— Dr. Jolliffe's Boys • Lewis Hough

... gentleman who appeared to apologise for the absence of the showman. They had pictured to themselves a coarse old man, with a damp eye and a puckered mouth, one eyebrow elevated an inch above the other to express shrewdness and knowledge of the world—a man clad in velveteen and braid, with a heavy watch-chain, large rings, and horny hands, the touter to a waxwork show, with a hoarse voice, and over familiar manner. The slim gentleman in evening dress, polished manners, ...
— The Complete Works of Artemus Ward, Part 1 • Charles Farrar Browne

... Turner"—"Fine weather for roots"—"A bit dry for the grazing." It was not thus that Ellen Godden understood love. Besides, these men looked oafs, in spite of the fine build of some of them—they were not so bad in their working clothes, with their leggings and velveteen breeches, but in their Sunday best, which they always wore on these occasions, they looked clumsy and ridiculous, their broad black coats in the cut of yester-year and smelling of camphor, their high-winged collars scraping and reddening their necks ... in their presence Ellen was rather sidling ...
— Joanna Godden • Sheila Kaye-Smith

... outside; the venerable Mr. MARTIN is exhorting the crowd to step up and witness his domestic tragedy, while the injured MARIA, is taking the twopences at the door; WILLIAM CORDER is finishing a pipe, and two of the Angelic Visions are dancing, in blue velveteen and silver braid, to the appropriate air ...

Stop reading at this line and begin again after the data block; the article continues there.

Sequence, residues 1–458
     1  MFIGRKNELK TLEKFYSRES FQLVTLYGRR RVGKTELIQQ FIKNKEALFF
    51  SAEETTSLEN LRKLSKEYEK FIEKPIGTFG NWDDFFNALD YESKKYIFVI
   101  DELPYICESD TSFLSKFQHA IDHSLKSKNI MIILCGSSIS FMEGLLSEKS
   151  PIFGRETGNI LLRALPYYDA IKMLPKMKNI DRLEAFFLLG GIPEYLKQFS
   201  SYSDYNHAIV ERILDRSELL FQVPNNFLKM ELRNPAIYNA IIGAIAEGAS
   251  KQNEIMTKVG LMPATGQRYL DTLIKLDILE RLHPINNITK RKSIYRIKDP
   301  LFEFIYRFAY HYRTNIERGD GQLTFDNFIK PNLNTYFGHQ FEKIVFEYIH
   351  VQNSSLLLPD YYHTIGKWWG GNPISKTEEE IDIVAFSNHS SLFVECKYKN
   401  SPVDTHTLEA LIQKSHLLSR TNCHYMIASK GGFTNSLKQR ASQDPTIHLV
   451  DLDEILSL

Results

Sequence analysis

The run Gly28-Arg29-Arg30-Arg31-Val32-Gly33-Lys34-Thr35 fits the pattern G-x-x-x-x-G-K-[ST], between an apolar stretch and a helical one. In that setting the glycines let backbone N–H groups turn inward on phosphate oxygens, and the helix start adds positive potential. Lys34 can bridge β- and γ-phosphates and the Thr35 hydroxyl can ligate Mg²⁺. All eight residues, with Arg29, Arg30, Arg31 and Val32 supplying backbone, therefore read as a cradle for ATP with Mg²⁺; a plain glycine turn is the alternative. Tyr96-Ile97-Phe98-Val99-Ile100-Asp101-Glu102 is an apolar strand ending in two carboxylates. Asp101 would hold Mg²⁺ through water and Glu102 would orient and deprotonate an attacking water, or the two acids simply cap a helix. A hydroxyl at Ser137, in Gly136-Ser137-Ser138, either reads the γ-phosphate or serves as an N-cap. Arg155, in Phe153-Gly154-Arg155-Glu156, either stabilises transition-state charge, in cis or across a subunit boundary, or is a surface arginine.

— Punch, or the London Charivari, Vol. 103, October 22, 1892 • Various

... Jerome-Nicolas-Sechard had worn the famous municipal three-cornered hat, which you may still see here and there on the head of the towncrier in out-of-the-way places. His breeches and waistcoat were of greenish velveteen, and he wore an old-fashioned brown greatcoat, gray cotton stockings, and shoes with silver buckles to them. This costume, in which the workman shone through the burgess, was so thoroughly in keeping with the ...
— Lost Illusions • Honore De Balzac

... shook hands with that mann in lavinder kidd gloves. I told him that the purshuit of hagriculture wos the noblist hockupations of humannaty: I spoke of the yoming of Hengland, who (under the command of my hancisters) had conquered at Hadjincourt & Cressy; and I gave him a pair of new velveteen inagspressables, with two and six in each pocket, as a reward for three score years of labor. Fitzwarren, my man, brought them forrards on a satting cushing. Has I sat down defning chears selewted the horator; ...
— Burlesques • William Makepeace Thackeray